It’s not CONSENT if you make me afraid to say no.

I stared at these words, instantly electrified by their brevity, clarity and profound truth. Within seconds, a personal variation flashed into my mind:

It’s not LOVE if you make me afraid to say no.

Deeply stirred by this insight, further phrases began tumbling out of my unconscious mind. Here are just a few examples:

It’s not love if you make me afraid to disagree.

It’s not love if you criticise me all the time.

It’s not love if you make me afraid to be myself.

It’s not love if you make me afraid to choose for myself.

It’s not love if you belittle my achievements.

It’s not love if you only approve of me when I behave like you.

At last, in my late sixties, my friend’s message had given me the answer to my question: your behaviour towards me shows clearly that you did not, in fact, love me in any meaningful way at all.

This shocking realisation made me consider what kinds of behaviour do, in fact, reflect and express genuine love. Here are the best answers I’ve found so far:

Love is patient and kind. Love is not jealous, or boastful, or proud, or rude. It does not demand its own way (1 Corinthians 13:4-5; NLT).

It does not dishonour others, it is not self-seeking, it is not easily angered, it keeps no record of wrongs (1 Corinthians 13:5; NIV).

I know that none of us is perfect, mother, but when I confronted you, you could at least have admitted what you did to me, and said you were sorry. Over the years, I managed to raise the subject of your behaviour with you several times, always at huge personal cost. However, you never responded with genuine understanding or honesty, instead always trying to justify, minimise, or deny what you had done.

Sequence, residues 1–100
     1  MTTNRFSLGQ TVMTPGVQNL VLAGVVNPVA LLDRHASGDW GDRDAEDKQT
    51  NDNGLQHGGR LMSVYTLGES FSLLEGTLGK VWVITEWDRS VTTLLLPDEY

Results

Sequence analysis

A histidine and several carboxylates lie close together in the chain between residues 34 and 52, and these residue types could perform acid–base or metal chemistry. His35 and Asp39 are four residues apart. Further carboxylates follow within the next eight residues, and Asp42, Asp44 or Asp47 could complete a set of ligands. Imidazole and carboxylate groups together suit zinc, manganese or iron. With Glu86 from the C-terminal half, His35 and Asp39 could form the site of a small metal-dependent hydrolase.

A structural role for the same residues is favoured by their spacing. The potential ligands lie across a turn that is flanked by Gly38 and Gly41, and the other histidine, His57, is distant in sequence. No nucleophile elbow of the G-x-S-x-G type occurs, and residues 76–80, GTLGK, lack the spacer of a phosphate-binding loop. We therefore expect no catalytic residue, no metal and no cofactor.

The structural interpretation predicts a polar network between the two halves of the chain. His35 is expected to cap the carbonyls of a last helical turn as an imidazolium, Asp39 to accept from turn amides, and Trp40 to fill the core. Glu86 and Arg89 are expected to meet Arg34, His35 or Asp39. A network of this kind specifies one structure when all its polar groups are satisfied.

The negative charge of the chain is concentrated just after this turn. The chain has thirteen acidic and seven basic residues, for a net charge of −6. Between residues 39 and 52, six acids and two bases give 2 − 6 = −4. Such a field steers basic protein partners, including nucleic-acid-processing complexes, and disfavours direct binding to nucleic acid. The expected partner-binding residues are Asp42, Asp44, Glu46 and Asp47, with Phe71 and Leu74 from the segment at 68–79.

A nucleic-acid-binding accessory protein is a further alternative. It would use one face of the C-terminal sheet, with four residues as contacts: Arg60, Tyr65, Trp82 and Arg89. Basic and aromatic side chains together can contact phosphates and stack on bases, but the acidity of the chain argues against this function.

For many years now, I have worked hard to forgive you. Sometimes I even think I’ve succeeded. Fortunately, God understands and accepts the intense anger and bitterness that can still occasionally emerge from my mind, heart and soul. Slowly, gently, he gives me the insights I need in order to be healed, for which I am profoundly thankful.

Ruth.


References

Don’t just pretend to love others. Really love them. Hate what is wrong. Hold tightly to what is good. Love each other with genuine affection, and take delight in honouring each other (Romans 12:9; NLT).

Do not provoke your children to anger by the way you treat them (Ephesians 6:4; NLT).

I am the Lord, who heals you (Exodus 15:27; NIV).